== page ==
New San Francisco schools awaiting first bell 

The first day of school is often filled with anxiety and excitement for teachers, parents and students alike. But those feelings are heightened even more when it’s the first day ever.

“It’s hectic as far as moving boxes,” said Maria Dehghanfard, principal of the new Buena Vista Horace Mann K-8 in the Mission district. “But the staff is awesome. We are very excited to be here.”

The school, formed through the marriage of a popular Spanish-immersion elementary and a struggling middle school, will welcome students in kindergarten through eighth grade this year. It is one of two new schools in the southeast section of The City.

Mission Preparatory School, a public charter in the Excelsior district, opens to kindergartners this year and plans to add one grade annually until it’s a K-8.

Mission Prep’s founder, Jane Henzerling, explained the need for a new school in the area.

“The achievement gap is widest in southeast San Francisco,” she said. “We wanted to site our school in the area where people really need access to an excellent public school.”

Mission Prep’s goal is to get kids to college, Henzerling said. Each classroom is named after the teacher’s alma mater — UC Berkeley, Yale, etc.  — and the students will visit college campuses even in kindergarten. The idea, Henzerling said, is to immerse students in a college-going culture to instill in them the idea that they themselves will go on to higher education one day.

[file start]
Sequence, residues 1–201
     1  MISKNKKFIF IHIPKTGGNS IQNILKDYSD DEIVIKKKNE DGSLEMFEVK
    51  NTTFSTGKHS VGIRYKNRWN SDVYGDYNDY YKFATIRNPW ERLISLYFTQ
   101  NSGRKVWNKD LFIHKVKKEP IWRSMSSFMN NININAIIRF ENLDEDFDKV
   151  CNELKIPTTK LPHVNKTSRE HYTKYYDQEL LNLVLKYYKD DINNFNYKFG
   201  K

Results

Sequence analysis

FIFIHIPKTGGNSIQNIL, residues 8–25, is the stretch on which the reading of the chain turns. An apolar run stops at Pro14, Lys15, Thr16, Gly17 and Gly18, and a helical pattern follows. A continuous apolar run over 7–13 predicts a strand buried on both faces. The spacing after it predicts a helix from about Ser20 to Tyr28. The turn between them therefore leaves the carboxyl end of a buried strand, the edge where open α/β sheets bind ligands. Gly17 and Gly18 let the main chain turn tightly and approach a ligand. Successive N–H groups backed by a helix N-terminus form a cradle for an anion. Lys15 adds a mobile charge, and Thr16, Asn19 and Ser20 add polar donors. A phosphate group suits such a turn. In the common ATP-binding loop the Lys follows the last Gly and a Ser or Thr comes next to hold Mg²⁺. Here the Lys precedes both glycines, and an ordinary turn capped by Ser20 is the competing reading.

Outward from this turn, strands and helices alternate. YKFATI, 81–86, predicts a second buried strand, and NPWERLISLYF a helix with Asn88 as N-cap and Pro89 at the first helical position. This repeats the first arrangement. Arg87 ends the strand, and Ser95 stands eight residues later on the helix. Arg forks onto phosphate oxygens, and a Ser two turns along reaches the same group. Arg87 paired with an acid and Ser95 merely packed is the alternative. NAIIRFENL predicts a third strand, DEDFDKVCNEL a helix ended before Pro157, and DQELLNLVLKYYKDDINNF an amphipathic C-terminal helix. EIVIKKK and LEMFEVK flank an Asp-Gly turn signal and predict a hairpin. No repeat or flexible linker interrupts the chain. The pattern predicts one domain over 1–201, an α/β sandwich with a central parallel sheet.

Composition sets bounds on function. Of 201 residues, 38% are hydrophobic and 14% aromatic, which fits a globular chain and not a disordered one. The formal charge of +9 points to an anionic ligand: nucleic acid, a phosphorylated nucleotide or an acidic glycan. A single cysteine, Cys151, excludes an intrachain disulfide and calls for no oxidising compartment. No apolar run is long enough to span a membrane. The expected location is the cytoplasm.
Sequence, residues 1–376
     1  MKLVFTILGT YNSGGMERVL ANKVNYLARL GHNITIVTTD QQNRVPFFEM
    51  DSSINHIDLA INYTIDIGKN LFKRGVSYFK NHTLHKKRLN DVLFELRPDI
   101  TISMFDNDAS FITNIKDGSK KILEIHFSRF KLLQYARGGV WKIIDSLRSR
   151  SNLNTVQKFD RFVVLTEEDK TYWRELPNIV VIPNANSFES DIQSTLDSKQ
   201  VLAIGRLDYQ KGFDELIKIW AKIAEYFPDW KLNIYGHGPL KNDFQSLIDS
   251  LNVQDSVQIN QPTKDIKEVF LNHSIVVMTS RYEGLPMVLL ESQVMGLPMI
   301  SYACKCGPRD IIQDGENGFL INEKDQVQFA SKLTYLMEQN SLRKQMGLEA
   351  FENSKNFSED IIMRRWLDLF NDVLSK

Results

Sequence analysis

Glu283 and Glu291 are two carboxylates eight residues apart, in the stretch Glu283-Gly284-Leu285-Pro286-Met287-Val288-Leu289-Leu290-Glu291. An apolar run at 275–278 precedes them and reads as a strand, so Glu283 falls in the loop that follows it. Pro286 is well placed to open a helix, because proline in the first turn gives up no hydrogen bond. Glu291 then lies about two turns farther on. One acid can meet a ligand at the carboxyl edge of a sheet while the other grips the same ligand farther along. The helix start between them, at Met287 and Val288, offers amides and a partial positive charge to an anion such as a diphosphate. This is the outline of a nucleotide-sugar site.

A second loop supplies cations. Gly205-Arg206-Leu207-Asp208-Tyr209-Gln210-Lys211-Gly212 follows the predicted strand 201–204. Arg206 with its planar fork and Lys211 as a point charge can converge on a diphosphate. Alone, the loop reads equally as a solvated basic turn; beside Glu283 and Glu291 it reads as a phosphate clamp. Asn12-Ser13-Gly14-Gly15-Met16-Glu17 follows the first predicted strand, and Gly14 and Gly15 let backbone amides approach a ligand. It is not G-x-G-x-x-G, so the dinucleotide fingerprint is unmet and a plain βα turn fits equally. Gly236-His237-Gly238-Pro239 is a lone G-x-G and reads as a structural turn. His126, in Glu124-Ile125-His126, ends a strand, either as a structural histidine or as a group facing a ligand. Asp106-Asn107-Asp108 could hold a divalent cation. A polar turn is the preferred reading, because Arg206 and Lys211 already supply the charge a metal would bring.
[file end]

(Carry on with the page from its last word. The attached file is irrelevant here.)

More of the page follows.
The K-8 structure is also an important aspect of the new school’s approach, Henzerling said.

“There’s actually a whole body of research about the challenges inherent in early adolescence,” she said. “Having to make a school transition can really exacerbate that, especially if it’s a bigger school environment.”

An analysis last year by researchers at Columbia University found that New York students’ test scores plummeted when they entered middle schools in sixth grade, while students at K-8 schools posted gains.

Michael Petrilli, vice president of the Fordham Institute, an education think tank in Washington, D.C., said the positive results are part of the reason the K-8 model is becoming more popular.

“We feel it’s a pretty good idea, especially if you’re able to keep these schools small,” he said.

Petrilli said being around younger students seems to help adolescents behave well, because they see themselves as role models.

“When you see the age span, the middle school kids tend to be more nurturing toward the younger kids,” said Guadalupe Guerro, SFUSD’s assistant superintendent for the Mission area, which includes Buena Vista Horace Mann. “It’s different than being a face among the crowd in a large, comprehensive middle school.”

Cathy Manshel, president of the Buena Vista Horace Mann PTA, said she was glad to have that option for her two children, especially since the school will now offer Spanish immersion through eighth grade. Her children, she said, were looking forward to the first day of school.

“They’re totally excited,” she said.


More places to learn

  • Buena Vista Horace Mann K-8 has taken over the former Horace Mann Middle School at 3351 23rd St. It will have more than 600 students.
  • Mission Preparatory School has taken over the former Corpus Christi School at 75 Francis St. It will have 50 students this year and gradually expand to about 450.

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Amy Crawford

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